Wednesday, September 12, 2012

Looking For Alibrandi by Melina Marchetta

Title: Looking For Alibrandi
Author: Melina Marchetta

Release Date: 5th October 1992

My Rating: 4/5

Blurb:
'And what's this about you and your friends driving around Bondi Junction half-dressed last week?'

'Who told you that?'

'Signora Formosa saw you. She said you and your friends almost ran he rover. She rang Zia Patrizia's next-door neighborhood and it got back to Nonna.'

Telecom would go broke if it weren't for the Italians.

Josephine Alibrandi is seventeen, illegitimate, and in her final year at a wealthy Catholic school. This is the year her father comes back into her life, the year she falls in love, the year she discovers the secrets of her family's past and the year she sets herself free.

I'll run one day. Run from my life. To be free and think for myself. Not as an Australia and not as an Italian and not as an in between. I'll run to be emancipated.

In A Nutshell:
Looking for Alibrandi is an excellent account of growing up in a culture that other people may not understand. Josie is still just a regular teenage girl; uncertain in herself and the direction she wants to take in life, and trying to juggle the pressures of family, school, friendships and boys. This a must-read Australian YA classic.

My Review:
Looking for Alibrandi is the first book I have read where I have seen the film first. Normally I will always read the book prior to seeing the film, if I see it at all, but this time, it wasn’t really my fault. I was only 5-years-old when the book was released and 12 when the film came out. I had only just discovered YA fiction and I’d never heard of Melina Marchetta. I absolutely loved the film and I think what made it so good is that Melina actually wrote the screenplay for it, rather than someone else re-writing an author’s story. All the important bits were included and now, having read the novel, for the first time I am not disappointed by the film version of a book. It must have really stuck with me because I can’t even listen to U2’s With or Without You without thinking of the film (if you have seen it you will know why). But enough about the film, this is a book review after all.

Looking for Alibrandi is an Aussie YA classic. How do I go about writing about a book that was released almost 20 years ago to the day and is still a favourite on so many bookshelves? Alibrandi was Melina’s debut novel and it won many awards, and it is easy to see why. It gives the reader the opportunity to realise they are not alone in what may be going on in their life and I believe it is a special person who can communicate with teenagers in the way Melina can.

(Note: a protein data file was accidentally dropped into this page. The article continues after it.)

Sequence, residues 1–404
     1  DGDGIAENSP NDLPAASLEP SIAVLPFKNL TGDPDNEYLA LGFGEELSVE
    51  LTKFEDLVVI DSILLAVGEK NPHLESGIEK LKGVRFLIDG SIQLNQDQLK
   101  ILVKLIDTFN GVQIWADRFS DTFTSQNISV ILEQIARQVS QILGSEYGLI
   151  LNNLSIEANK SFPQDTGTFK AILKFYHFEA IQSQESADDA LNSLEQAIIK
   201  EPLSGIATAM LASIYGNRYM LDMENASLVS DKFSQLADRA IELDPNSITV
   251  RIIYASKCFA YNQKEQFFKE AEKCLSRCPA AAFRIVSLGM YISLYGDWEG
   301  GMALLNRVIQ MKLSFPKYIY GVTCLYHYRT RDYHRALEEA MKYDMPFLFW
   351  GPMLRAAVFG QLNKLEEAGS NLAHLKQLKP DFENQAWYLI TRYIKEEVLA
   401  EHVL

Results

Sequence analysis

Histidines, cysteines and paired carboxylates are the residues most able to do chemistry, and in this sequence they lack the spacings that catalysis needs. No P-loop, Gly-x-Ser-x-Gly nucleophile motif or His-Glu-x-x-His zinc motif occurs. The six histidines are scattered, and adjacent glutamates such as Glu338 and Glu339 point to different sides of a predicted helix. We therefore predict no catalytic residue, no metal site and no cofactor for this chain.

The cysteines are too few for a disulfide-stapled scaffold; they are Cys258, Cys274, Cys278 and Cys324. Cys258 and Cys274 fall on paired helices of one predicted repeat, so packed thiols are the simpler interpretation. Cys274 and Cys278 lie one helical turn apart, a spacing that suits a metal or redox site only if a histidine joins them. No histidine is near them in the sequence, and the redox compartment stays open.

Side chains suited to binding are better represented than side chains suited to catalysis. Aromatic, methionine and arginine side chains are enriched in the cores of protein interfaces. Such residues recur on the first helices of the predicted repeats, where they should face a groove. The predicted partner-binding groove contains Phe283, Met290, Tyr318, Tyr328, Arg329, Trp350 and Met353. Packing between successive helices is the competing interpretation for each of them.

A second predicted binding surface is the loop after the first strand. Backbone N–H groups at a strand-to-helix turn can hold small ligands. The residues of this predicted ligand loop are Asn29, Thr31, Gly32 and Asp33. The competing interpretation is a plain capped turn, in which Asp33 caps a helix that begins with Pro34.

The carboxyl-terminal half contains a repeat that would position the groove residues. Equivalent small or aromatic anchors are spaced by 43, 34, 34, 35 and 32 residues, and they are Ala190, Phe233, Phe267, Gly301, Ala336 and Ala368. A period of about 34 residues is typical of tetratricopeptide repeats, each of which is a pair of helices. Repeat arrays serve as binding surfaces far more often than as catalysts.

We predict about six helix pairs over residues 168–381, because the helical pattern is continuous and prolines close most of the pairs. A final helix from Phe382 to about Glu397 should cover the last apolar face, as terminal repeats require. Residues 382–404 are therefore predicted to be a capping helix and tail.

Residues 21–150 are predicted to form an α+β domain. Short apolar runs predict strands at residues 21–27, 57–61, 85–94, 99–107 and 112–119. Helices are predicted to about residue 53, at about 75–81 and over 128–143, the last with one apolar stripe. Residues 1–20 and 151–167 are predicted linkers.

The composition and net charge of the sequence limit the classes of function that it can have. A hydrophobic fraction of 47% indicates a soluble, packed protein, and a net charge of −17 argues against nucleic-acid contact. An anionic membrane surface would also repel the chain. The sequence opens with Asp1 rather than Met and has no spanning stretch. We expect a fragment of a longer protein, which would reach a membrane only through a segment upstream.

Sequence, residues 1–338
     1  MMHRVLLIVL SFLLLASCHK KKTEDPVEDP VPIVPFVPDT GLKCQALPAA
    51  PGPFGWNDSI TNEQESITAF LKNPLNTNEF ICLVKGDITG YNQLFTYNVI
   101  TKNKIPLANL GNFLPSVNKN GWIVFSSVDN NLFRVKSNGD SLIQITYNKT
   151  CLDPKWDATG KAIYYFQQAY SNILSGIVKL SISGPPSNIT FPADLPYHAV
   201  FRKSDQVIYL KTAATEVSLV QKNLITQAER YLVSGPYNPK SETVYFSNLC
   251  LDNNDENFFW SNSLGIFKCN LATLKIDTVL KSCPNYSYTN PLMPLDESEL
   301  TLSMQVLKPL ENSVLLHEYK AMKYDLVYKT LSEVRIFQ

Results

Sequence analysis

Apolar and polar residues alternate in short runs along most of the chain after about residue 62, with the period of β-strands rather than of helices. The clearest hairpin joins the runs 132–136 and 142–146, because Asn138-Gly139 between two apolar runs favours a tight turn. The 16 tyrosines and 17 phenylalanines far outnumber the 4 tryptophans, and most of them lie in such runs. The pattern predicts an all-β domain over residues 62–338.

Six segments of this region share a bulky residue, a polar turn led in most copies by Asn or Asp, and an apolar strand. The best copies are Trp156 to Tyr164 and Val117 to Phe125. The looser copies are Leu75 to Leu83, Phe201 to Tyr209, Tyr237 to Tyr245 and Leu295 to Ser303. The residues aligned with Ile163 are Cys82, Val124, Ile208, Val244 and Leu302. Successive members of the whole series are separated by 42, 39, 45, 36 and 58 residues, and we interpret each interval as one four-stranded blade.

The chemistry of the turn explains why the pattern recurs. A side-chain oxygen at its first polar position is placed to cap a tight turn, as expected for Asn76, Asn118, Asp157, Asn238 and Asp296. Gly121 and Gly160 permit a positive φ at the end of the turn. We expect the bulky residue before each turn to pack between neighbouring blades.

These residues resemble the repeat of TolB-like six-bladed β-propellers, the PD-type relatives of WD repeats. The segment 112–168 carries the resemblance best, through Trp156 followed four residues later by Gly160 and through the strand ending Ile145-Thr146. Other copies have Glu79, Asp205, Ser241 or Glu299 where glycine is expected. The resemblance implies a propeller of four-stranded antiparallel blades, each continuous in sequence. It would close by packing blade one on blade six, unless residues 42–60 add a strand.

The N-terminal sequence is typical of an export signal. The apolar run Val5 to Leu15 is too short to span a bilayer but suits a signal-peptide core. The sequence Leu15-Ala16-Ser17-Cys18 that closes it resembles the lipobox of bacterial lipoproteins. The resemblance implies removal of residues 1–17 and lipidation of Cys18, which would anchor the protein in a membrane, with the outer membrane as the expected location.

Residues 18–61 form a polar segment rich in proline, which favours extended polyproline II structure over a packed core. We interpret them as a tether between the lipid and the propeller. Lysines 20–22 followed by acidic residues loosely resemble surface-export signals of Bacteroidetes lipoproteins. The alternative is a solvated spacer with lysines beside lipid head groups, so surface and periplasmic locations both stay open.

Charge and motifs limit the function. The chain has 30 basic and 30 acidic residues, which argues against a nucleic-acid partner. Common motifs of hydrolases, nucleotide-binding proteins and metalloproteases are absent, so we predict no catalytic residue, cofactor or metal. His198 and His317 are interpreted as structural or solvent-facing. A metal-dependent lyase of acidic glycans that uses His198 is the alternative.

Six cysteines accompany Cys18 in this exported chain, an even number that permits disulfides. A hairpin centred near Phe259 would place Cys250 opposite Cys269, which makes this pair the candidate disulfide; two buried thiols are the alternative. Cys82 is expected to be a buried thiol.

Looking for Alibrandi is an excellent account of growing up in a culture that other people may not understand, which is such a prevalent issue here in Australia, even now, two decades after the novel was written. What Josie Alibrandi has to deal with are the same problems that teenagers are faced with every day. The issues are timeless. She reflects a typical teenage girl; uncertain in herself and the direction she wants to take, and trying to juggle the pressures of family, school, friendships and boys. It’s very interesting to see Josie mature in her understanding of the world and her acceptance of who she is and what part she may play in the years to come. The search for acceptance in all areas of life and the highs and lows of the family dynamic are universal.

The final year of high school is hard enough, but for Josie, having always lived with her mother and under the watchful eyes of her very traditional Italian grandmother, her life is thrown into disarray when the father she has never met suddenly reappears in her life. Not only that, but she has to navigate the unfamiliar territory of having a boyfriend, come to terms with the loss of someone she cares about, and unravel the secrets and lies of the Alibrandi family.

Having now read Melina’s four contemporary novels, I can safely say that her writing is captivating and it is very easy to sit and read a whole book at once. If you haven’t discovered the writing of Melina Marchetta, I strongly suggest you do. You won’t regret it.



Looking For Alibrandi Film Poster


Three generations of Alibrandi women

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